Tired of the religious zealotry and anti-gay bigotry in their Texas town, sisters Latrell, LaVonda, and Aunt Sissy decide to protest an "Anti-Equality Rally" which aims to forbid any same ... See full summary »
Southern Baptist Sissies is the story of four boys who are gay growing up in the Southern Baptist Church and how they each deal differently with the conflict between the teachings of the church and their sexuality.
Jeffrey, a young gay man in New York, decides that sex is too much and decides to become celibate. He immediately meets the man of his dreams and must decide whether or not love is worth ... See full summary »
Michael T. Weiss,
A mob mix-up in Chicago sends two chanteuses screaming for L.A., where they score a perfect gig: posing as drag queens on the dinner theater/cabaret circuit. Things get extra-weird when a guy falls for one of the girls.
Tony Award-winning actor and playwright Harvey Fierstein re-creates his role as the unsinkable Arnold Beckoff in this film adaptation of the smash Broadway play TORCH SONG TRILOGY. A very ... See full summary »
Two moments of Jonas's life intertwine, each reflecting the other: in 1995, when he was a secretive teenager, and 18 years later, as an attractive and impulsive thirty-something looking for balance in his life.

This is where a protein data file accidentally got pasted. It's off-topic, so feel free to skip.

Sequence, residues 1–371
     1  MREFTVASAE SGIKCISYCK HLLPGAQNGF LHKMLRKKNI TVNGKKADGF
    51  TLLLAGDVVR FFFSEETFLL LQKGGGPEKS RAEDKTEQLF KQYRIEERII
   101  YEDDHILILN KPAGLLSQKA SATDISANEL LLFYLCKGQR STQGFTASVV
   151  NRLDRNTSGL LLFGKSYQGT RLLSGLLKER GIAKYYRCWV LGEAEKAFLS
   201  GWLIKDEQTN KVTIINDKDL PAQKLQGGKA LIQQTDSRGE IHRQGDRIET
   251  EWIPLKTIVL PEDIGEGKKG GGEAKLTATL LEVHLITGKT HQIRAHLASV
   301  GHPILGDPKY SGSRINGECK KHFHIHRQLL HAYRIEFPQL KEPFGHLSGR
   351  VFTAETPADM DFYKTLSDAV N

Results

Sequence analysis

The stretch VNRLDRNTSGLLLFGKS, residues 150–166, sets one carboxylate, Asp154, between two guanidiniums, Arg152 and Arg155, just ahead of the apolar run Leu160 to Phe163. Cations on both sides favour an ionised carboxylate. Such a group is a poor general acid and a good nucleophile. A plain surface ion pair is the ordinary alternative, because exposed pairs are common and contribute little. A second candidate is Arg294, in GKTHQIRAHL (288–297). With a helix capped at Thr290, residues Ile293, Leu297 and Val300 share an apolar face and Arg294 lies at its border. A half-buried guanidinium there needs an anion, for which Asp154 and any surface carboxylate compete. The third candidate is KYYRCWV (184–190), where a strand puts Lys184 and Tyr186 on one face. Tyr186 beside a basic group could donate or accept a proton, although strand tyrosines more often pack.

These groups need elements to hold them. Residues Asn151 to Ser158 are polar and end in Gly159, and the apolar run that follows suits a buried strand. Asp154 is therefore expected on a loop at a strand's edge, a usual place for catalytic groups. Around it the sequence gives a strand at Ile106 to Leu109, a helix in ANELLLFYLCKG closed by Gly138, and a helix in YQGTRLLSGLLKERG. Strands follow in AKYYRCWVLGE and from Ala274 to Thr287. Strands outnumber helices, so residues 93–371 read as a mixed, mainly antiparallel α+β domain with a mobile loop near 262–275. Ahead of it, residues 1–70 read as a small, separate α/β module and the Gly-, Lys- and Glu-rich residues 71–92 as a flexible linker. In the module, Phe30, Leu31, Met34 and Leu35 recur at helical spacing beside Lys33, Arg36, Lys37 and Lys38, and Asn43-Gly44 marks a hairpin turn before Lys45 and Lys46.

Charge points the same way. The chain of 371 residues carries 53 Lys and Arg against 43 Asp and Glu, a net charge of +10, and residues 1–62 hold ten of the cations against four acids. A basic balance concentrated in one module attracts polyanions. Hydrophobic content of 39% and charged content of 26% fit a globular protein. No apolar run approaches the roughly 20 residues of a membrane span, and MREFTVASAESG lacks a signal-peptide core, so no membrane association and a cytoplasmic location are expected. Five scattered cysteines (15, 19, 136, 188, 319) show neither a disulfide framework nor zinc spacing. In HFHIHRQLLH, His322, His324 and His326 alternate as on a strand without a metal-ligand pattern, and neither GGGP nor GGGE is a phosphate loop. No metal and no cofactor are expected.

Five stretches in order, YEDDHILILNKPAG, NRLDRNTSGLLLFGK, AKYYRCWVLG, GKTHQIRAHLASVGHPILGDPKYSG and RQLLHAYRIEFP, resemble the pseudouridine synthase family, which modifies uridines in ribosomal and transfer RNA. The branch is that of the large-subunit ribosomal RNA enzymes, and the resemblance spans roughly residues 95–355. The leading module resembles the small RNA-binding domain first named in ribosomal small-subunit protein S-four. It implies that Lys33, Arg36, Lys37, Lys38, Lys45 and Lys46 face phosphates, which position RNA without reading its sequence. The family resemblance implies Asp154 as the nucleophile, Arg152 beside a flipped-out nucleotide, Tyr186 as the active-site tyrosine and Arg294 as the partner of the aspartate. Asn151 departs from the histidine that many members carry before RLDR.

Tommy Lee Baïk
We become intimate with the "Sordid Lives" of a family in a small Texas town preparing for the funeral of the mother. Among the characters are the grandson trying to find his identity in West Hollywood, the son who has spent the past twenty-three years dressed as Tammy Wynette, the sister and her best friend (who live in delightfully kitschy homes), and the two daughters (one strait-laced and one quite a bit looser).Written by
Randall Gellens <firstname.lastname@example.org>
Del Shores directed and wrote this adaptation of his own play about how an elderly woman's (comical) accidental death causes her family and friends to rue her passing while digging up ancient misgivings. Low-budget film played the Palm Springs movie circuit for months but didn't hit many other towns; easy to see why, it's rather like an R-rated sitcom lost on the big screen. While Shores isn't exactly erratic as a director, he's possibly too flexible with his material and his group of actors, and the movie sometimes resembles nothing more than a stunt. There's not much plot (it's just an exercise in showcasing the worst possible sides of humanity for a dirty laugh), yet some good things do come out of this. Leslie Jordan pulls off a difficult transvestite role with un-self-conscious relish; not played for pitiable sympathy or all-out laughs, Jordan's Tammy Wynette-worshipping drag queen amiably walks a fine line--it's a portrayal dead-on in its accuracy, and Jordan is never a pain like the other characters. Delta Burke and Bonnie Bedelia visibly strain to punch up their scenes, while Olivia Newton-John opens the picture with a rousing song but is given nothing else important to do. Too many of the gags are recycled, rehashed and rerun, and the jokes tend to stem from various humiliations. Strictly as a curiosity, the movie certainly lives up to its oddball reputation, and there are some outré laughs for those in the proper spirit. ** from ****
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